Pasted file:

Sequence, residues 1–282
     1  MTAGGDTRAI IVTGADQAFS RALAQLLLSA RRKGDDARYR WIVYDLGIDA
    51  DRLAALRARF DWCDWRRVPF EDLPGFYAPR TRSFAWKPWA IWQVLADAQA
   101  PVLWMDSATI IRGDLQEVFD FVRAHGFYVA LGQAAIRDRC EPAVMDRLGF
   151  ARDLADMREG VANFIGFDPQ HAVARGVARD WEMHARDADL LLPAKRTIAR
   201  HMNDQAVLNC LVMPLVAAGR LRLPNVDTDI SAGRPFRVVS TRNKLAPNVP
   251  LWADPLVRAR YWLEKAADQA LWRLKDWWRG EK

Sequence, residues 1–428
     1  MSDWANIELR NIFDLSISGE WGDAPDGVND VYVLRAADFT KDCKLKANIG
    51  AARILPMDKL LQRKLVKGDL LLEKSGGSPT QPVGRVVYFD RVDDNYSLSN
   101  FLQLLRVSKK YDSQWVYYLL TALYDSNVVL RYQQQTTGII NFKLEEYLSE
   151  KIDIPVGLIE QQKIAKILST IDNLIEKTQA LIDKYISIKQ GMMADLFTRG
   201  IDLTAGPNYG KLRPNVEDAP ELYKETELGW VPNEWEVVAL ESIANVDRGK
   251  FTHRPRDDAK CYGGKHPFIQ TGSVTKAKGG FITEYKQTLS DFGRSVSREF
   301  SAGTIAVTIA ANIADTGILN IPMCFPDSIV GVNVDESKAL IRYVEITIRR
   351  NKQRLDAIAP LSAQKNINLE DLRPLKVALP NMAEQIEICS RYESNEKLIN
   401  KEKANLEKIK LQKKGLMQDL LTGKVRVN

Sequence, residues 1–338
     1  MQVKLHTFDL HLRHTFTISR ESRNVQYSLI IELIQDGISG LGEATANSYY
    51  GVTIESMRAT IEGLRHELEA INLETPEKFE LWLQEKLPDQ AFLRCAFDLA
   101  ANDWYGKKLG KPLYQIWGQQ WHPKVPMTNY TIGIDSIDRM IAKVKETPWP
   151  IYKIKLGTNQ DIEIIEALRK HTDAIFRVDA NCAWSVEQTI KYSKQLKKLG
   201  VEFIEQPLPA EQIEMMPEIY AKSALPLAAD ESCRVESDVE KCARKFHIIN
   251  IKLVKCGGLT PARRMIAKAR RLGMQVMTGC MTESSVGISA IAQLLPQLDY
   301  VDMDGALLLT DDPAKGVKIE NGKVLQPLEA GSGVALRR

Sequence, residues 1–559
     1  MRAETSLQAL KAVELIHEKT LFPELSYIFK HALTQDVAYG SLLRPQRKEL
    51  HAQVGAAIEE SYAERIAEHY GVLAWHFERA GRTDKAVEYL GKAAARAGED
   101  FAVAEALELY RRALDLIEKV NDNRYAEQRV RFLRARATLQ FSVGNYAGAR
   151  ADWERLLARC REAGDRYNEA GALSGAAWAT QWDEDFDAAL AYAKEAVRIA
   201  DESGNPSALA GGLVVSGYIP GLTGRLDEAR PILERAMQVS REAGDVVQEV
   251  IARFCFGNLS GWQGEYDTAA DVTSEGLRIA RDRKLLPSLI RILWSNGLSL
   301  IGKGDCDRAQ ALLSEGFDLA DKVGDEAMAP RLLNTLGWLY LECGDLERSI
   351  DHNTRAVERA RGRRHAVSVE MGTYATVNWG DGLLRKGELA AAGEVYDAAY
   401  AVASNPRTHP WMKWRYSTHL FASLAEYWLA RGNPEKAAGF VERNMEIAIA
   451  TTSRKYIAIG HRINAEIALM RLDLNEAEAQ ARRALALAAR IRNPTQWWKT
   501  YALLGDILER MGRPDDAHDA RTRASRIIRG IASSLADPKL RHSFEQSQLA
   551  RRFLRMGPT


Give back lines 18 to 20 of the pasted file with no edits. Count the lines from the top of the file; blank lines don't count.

Sequence, residues 1–338
     1  MQVKLHTFDL HLRHTFTISR ESRNVQYSLI IELIQDGISG LGEATANSYY
    51  GVTIESMRAT IEGLRHELEA INLETPEKFE LWLQEKLPDQ AFLRCAFDLA